The quaint town of Canmore is the perfect base camp for exploring Canada’s Rocky Mountains
Only 20 minutes from Banff and about an hour from Lake Louise, Canmore was settled as a coal mining post in 1884 after the Canadian Pacific Railway was built. While Banff, with its hot mineral springs, developed as a playground for the wealthy, Canmore became home to the working class railway men, miners and their families. Historical buildings, such as the North West Mounted Police Barracks, Canmore Hotel and Miner’s Union Hall now stand among quaint shops, cafes and restaurants in the centre of town.
What to Do in Canmore
Spend a peaceful morning window shopping along Main Street with a stop at The Old Tyme Candy Shoppe for Gold Mine Gum, Pink Elephant Popcorn and a Cadbury Curly Wurly bar. Then, to work off the calories, head to the Canmore Nordic Centre Provincial Park to hike or bike the 100-plus kilometre trail system.
Built for the 1988 Winter Olympic Games, the Centre has undergone major renovations and now offers an assortment of outdoor pursuits, including a 6.5-kilometre paved rollerski trail, 18-hole disc golf course and orienteering programs.
Day Trip to Banff
Taking a day-trip to the Banff National Park is a must while in Canmore. Opt for the scenic Bow Valley Parkway one-and-a-half hour drive to Lake Louise for some wildlife spotting.
The winding two-lane road has a maximum speed of 60 kilometres an hour, which is the perfect pace to take in the jagged mountain peaks, crystal lakes and colourful wildflowers. There are plenty of lookout points with interpretive information boards along the way to learn about the park’s flora and fauna.
Visit Lake Louise
The aquamarine Lake Louise bordered by lush greenery, beautiful Fairmont Chateau hotel and towering Victoria Glacier is absolutely magnificent. For a relaxing afternoon, rent a canoe from the hotel and paddle on one of Mother Nature’s finest accomplishments.
In the Valley of the Ten Peaks, 14 kilometres from Lake Louise, you’ll find the visually stunning, glacial-fed Moraine Lake. The turquoise hue of the water is so intense it could easily be mistaken for the Caribbean Sea, although the icy breeze and snow-capped peaks of the 10 surrounding mountains will quickly bring you back to the reality of the Rockies. There are hundreds of hiking trails in the area and canoe rentals are also available on the lake.
Eats and Treats in the Rockies
It’s amazing how the great outdoors can stimulate one’s appetite, and with the variety and abundance of quality cuisine it will be impossible to hold back.
There are many culinary gems for discovery in the great Canadian Rockies, including the French toast with caramelized gala apples and maple syrup at The Georgetown Inn in Canmore.
Pizza lovers should definitely check out Bear Street Tavern in Banff for thin crust pies with imaginative toppings, such as The Bison (smoked bison, caramelized onions and edamame beans) and The Donair (lamb, onions, tomatoes, shredded lettuce and garlic sweet sauce).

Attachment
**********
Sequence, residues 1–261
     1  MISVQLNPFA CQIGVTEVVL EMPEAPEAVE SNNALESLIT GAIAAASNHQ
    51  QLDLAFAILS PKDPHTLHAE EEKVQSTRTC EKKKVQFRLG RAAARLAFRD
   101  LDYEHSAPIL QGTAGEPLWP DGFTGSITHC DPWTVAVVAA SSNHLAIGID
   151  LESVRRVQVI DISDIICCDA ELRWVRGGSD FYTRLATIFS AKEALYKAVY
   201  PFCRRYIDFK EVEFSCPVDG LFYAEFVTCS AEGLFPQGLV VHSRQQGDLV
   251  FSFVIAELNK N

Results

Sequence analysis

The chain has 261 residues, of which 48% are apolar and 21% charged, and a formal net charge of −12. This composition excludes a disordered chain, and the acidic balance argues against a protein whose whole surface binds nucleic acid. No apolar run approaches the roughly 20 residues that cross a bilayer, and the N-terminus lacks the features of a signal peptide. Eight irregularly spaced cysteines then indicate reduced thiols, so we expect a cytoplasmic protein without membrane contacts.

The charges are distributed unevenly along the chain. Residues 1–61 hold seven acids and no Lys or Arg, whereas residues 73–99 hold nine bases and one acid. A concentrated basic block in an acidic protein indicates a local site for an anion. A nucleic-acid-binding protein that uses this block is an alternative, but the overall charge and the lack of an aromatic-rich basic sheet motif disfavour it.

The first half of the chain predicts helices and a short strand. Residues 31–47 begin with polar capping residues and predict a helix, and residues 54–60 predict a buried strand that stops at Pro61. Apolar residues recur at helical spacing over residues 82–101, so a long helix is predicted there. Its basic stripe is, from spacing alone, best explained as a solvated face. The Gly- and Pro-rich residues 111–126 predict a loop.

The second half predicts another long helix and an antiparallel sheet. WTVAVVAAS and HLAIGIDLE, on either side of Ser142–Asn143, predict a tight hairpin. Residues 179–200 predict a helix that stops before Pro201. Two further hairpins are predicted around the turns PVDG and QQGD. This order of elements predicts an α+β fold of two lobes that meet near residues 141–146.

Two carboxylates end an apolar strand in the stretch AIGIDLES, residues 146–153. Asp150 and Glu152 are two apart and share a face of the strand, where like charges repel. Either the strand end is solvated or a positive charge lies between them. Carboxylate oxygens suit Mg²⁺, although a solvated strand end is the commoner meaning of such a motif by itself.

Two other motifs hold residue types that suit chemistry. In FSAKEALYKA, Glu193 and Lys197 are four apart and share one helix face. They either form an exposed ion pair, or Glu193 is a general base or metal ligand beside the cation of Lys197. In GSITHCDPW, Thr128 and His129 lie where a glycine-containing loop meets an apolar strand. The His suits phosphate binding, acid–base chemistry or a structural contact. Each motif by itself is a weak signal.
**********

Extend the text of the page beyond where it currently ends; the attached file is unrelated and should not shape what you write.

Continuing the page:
Best patio is awarded to The Iron Goat Pub & Grill where you can watch the sunset over the famous Three Sisters peaks while indulging in the fall-off-the-bone Alberta baby back ribs or award-winning game meatloaf made with bison, elk, lamb and a hint of maple syrup.
In the province famous for beef, dinner at a steakhouse is essential. Rustica, overlooking the 18th fairway of the Silvertip Golf Resort, serves only 100% Canadian Prime (the top 0.3% of Canadian graded beef) and has proudly made the steak knife obsolete.
Where to Stay in Canmore
The Solara Resort & Spa is an all-suite hotel within walking distance of downtown Canmore. The cozy rooms with mountain-inspired décor, large gourmet kitchens and fireplaces in the living room and master bedroom are perfect for a weekend getaway or longer retreat.
Recent additions to the resort include two indoor relaxation hot pools, full-service spa and 96-seat entertainment theatre. The property is offering a Summer Stay Preferred program that starts at just $149 for a one-bed suite (valid for stays from May 22nd through September 4th, 2012, if booked by April 23rd).
The surreal aquamarine colour of glacier fed Moraine Lake near Canmore (Image: Credit Woohall)
Getting to Canmore
Taking the Rocky Mountaineer train from Vancouver to Banff is a fabulous alternative to flying. The two-day journey kicks off with a gourmet breakfast followed by Caesars and beer from the comfort of the GoldLeaf glass-dome cart. Throughout the journey you’ll see glacial-fed rivers with emerald water, rugged mountain peaks, lush swamplands, turquoise blue lakes and dense forests. All the while, Rocky Mountaineer onboard attendants will share scenic and historical facts while keeping your wine glass topped and belly full. Vancouver to Banff services run May through September.
The sheer magnitude of the Rockies is astounding, and it seems as if everything, from architecture to cuisine, is intent on competing with the area’s grandeur. Visiting in the spring or summer is sure to peak your curiosity for a winter adventure when the beauty of Banff National Park sparkles under a veil of snow and ice.
Mhairri Woodhall is a travel writer at Arrivals Travel.